And now, not surprisingly, every single team in Major League Baseball uses this approach to try to get a competitive edge. So, if you want to do this, you're first going to need some data. And what kind of data do you use for Moneyball or properly Sabermetrics? Well, you're going to use traditional box scores and baseball records, you do use those. They work well because baseball has only a certain number of discrete game configurations. People are either on first base, or second, or third, as opposed to basketball or football where they can be anywhere.
And so it's easy to count things. There are also massive digitized records. Retrosheet is a project in which many volunteer contributors have researched historical sources, both quantitative records like the box scores and play-by-play narratives, like the ones given by Harry Caray, of every game in baseball going back to 1871, and putting them in digital format for download or analysis by people who are interested in Sabermetric projects. And then there's new data from systems like Pitch FX and more recently Major League Baseball Stat Cast system.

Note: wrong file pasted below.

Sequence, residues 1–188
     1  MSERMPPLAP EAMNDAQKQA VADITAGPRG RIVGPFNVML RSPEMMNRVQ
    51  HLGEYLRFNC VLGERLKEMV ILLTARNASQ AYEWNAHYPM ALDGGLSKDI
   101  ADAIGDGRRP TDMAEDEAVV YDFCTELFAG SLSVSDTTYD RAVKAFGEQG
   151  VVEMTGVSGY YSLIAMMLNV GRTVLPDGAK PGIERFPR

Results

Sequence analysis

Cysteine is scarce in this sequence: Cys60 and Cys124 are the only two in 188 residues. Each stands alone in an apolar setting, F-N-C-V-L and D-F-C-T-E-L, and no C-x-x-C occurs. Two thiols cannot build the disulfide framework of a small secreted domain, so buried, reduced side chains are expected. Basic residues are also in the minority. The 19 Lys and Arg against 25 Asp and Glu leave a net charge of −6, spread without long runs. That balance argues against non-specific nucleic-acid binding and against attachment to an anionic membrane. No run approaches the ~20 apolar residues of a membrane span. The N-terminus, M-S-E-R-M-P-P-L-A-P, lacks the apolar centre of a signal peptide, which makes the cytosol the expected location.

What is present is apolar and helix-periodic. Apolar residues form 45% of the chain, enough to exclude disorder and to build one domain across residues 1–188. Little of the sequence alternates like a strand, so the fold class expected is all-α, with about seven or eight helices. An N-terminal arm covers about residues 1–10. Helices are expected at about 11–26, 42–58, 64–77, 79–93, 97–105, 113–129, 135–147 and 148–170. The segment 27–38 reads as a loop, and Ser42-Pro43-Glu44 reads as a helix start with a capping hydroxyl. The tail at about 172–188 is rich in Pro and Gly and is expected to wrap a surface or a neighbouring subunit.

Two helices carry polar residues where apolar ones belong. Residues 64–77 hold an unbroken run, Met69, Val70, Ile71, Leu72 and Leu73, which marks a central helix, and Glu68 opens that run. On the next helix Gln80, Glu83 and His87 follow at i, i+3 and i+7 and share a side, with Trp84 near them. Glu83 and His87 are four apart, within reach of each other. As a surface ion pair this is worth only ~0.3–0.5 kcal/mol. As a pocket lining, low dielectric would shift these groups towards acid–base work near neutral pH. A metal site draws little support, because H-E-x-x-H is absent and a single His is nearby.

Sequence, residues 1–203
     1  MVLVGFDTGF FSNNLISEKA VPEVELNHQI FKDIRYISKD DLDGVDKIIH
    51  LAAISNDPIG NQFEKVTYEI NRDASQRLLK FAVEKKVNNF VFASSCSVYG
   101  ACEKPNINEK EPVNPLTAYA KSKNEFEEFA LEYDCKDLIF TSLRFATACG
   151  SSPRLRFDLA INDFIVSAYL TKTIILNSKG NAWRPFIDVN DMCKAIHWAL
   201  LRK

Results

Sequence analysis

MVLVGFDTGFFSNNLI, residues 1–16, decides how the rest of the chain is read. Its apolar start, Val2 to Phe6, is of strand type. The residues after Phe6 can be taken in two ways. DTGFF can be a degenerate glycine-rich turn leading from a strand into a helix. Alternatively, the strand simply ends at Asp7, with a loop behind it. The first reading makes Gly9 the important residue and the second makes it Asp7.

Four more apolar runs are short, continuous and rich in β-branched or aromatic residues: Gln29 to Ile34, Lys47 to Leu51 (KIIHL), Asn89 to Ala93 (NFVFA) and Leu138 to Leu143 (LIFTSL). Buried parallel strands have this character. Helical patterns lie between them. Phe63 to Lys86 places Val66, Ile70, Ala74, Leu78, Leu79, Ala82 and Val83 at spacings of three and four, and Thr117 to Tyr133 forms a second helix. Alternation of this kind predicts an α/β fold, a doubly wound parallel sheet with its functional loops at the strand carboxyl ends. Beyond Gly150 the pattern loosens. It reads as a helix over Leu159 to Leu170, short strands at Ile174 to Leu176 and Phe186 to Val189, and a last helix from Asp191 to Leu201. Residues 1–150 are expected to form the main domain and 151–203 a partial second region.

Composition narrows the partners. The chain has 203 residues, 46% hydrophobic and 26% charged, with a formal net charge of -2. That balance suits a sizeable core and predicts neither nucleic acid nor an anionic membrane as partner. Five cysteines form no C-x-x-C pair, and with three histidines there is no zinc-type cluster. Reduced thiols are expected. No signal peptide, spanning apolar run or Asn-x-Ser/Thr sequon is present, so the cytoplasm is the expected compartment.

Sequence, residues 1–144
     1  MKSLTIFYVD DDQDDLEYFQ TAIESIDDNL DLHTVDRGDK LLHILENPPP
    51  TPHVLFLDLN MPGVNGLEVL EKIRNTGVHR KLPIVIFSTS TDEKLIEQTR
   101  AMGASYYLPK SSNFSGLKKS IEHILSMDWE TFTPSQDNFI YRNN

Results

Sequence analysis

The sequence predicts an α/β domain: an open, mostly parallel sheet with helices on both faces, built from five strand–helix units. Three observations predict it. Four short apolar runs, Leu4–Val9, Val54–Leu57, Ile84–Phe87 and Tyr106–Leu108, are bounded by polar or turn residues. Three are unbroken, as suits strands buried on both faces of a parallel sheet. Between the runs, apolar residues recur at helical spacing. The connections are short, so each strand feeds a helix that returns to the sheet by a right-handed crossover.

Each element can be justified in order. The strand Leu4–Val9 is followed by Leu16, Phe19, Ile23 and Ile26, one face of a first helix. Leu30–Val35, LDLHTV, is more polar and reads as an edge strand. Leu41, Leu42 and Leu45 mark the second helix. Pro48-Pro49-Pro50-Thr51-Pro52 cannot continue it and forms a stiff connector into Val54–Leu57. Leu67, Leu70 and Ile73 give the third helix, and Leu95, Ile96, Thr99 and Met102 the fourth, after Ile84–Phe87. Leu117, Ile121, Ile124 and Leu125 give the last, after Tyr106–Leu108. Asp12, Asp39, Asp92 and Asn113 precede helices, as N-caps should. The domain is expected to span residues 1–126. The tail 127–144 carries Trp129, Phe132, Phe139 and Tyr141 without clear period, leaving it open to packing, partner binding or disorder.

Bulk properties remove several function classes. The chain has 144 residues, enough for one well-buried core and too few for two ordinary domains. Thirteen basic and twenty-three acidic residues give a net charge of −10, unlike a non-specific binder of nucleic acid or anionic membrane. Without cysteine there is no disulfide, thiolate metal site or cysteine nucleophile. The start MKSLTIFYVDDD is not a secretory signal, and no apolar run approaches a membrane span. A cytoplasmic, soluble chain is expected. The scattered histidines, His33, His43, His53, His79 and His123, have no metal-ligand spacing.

Those measure an extraordinary range of actions like the spin rate of the pitched ball, the exit velocity of a hit ball, or the exchange time of a fielder catching and then throwing the ball. In addition to these new sources, there are new measures of performance. And here's just a sampling of some of the measures. So for instance WRC plus, that stands for weighted runs created compared to the league average, it's a good overall measure of a player's hitting, or ISO, that's isolated power, it's a measure of a hitter's extra base power getting past first base.